A mutation in a transcription factor essential for ovary development is commonly used as a diagnostic marker for a type of ovarian cancer, but little is known about how it effects the tumour cell itself. Extensive analysis of how this mutation alters DNA binding has revealed the potential for a novel treatment strategy.
Ovarian cancer, the fifth most common cause of cancer death in Canadian women, has several subtypes, one of which is Adult Granulosa Cell Tumours (AGCT), the subtype accounting for two to five per cent of ovarian cancer cases.
In 2009, in a landmark study published in The New England Journal of Medicine, BC Cancer’s Dr. David Huntsman collaborated with researchers at the GSC to discover a specific mutation that has now become a hallmark of AGCT. The mutation—denoted as C143A—occurs within the gene that codes for the transcription factor FOXL2. In a normal ovary cell, FOXL2 binds to DNA and regulates expression of genes involved in ovary development, but the C134W mutation leads to perturbations to the production of steroid biomolecules, and promotes cell death and proliferation signalling pathways believed to result in cancer development and progression. Until now, however, the molecular mechanisms behind these effects had remained unresolved.
Building upon their previous discoveries in a study published in Cancer Research, co-led by GSC Senior Scientists Drs. Martin Hirst and Gregg Morin, in collaboration with fellow BC Cancer scientist Dr. David Huntsman, researchers used chromatin immunoprecipitation sequencing (CHiP-Seq) and RNA sequencing to catalog the DNA binding characteristics of the mutated form of FOXL2. To do this, they engineered cells in the laboratory that express either the normal version of FOXL2, or the C134W mutant form at the same levels found in patient tumour cell lines.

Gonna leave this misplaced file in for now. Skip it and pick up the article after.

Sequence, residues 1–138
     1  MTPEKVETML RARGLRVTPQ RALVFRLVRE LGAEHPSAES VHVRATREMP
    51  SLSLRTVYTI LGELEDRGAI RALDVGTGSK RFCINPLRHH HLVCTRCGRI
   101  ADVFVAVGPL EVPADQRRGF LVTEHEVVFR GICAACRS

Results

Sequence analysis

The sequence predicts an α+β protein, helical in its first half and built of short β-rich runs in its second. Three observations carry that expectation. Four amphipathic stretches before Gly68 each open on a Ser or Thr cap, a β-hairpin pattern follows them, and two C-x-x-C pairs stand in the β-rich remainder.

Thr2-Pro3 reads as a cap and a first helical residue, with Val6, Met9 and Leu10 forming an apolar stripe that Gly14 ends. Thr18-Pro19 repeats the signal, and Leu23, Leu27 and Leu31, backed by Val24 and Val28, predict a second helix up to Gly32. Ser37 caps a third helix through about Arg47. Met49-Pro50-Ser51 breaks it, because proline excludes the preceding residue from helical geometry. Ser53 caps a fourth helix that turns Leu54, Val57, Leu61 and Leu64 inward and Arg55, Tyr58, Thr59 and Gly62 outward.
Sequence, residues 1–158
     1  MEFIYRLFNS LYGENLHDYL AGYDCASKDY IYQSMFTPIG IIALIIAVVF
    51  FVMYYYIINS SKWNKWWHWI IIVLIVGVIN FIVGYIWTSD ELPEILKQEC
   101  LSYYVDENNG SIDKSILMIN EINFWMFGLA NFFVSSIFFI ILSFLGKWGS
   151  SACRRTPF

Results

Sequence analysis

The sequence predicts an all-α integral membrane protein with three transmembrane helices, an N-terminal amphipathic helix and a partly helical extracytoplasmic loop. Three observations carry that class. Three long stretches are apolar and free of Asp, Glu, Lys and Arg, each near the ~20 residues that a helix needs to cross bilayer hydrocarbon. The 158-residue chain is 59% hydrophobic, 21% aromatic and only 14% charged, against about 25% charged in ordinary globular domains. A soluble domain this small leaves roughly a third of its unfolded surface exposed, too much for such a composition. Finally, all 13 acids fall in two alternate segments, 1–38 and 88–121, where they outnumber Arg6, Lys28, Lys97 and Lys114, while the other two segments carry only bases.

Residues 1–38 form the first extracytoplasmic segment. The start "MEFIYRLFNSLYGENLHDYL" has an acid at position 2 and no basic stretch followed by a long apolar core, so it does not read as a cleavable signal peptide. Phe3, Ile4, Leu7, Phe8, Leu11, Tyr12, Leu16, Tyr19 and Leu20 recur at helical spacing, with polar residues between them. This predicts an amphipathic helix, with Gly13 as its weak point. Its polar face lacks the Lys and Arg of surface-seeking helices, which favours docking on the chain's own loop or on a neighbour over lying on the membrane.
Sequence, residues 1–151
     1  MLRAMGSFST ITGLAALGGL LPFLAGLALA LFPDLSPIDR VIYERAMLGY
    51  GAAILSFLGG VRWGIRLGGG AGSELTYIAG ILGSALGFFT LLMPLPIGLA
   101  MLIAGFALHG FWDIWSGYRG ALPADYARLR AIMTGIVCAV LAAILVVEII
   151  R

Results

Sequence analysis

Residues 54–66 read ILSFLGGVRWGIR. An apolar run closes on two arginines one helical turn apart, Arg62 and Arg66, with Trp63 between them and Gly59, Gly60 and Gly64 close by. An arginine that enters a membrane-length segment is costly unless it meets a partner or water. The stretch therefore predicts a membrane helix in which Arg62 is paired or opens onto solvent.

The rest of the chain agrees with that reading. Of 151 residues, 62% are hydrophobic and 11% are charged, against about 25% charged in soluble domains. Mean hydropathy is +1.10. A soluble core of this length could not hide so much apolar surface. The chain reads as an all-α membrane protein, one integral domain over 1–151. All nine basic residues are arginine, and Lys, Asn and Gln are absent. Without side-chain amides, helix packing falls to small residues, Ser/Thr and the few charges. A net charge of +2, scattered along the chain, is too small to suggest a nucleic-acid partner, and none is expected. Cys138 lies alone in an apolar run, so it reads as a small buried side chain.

Their analysis revealed that the mutant form of the FOXL2 protein retains its ability to bind to 80 per cent of its normal DNA binding sites; however, strikingly, it was also able to bind to a completely unique set of genomic regions. Among these was the promoter region of the gene SLC35F2, which codes for a transporter protein that allows for the movement of molecules in and out of the cell.
The SLC35F2 transport protein has been previously shown to sensitize cells to YM155, an anti-cancer compound currently in clinical trials, by allowing the compound to enter the cell. Given the observation that the mutated version of FOXL2 appears to regulate expression of this transport protein, the researchers postulated that the mutation may be an “Achilles Heel” for the disease by contributing to disease formation and progression, but also making it vulnerable to YM155 treatment.
The scientists treated their engineered cells with YM155 and found that the cells expressing the mutated form of FOXL2 were more sensitive to the drug than normal cells. These findings suggest that YM155 may be an effective therapeutic option for the treatment of AGCTs.
In addition to uncovering a potential novel treatment option for the women with AGCTs, this study provides an extensive catalog of DNA binding alterations that occur following mutation to FOXL2 and will facilitate further exploration of the molecular characteristics of the disease.
This study was funded by the Terry Fox Research Institute and Canadian Foundation for Innovation, with support from WestGrid and Compute Canada. The GSC’s technology platform provided the sequencing and computational resources needed for analysis.
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